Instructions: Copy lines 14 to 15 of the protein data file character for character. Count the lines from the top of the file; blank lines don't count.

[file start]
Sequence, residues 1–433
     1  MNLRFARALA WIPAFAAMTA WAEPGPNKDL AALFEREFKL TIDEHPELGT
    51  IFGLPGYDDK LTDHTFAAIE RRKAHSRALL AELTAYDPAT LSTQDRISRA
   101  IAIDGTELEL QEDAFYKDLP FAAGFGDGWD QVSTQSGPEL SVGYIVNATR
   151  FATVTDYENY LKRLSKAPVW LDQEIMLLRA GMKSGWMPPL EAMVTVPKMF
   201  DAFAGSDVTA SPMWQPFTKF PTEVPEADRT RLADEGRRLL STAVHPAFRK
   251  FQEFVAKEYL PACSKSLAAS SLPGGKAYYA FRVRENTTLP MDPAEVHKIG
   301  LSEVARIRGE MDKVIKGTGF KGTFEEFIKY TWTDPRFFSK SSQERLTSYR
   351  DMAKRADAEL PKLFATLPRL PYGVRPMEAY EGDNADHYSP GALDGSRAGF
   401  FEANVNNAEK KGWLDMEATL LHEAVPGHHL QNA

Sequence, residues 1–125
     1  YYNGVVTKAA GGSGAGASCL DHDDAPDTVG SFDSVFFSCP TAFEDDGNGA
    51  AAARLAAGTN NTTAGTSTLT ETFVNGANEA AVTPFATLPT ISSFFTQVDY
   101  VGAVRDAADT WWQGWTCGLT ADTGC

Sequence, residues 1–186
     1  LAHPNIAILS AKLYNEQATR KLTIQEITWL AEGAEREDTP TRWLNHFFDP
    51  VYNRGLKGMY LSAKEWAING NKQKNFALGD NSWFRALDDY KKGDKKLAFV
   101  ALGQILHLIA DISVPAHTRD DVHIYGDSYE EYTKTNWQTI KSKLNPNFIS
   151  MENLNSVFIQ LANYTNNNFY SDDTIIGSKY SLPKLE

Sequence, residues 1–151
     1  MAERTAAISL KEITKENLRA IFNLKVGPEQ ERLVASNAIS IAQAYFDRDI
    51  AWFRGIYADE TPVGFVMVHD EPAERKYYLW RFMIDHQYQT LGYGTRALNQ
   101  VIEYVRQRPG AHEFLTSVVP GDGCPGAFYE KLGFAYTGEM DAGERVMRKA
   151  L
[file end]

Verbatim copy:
   101  VGAVRDAADT WWQGWTCGLT ADTGC

Sequence, residues 1–186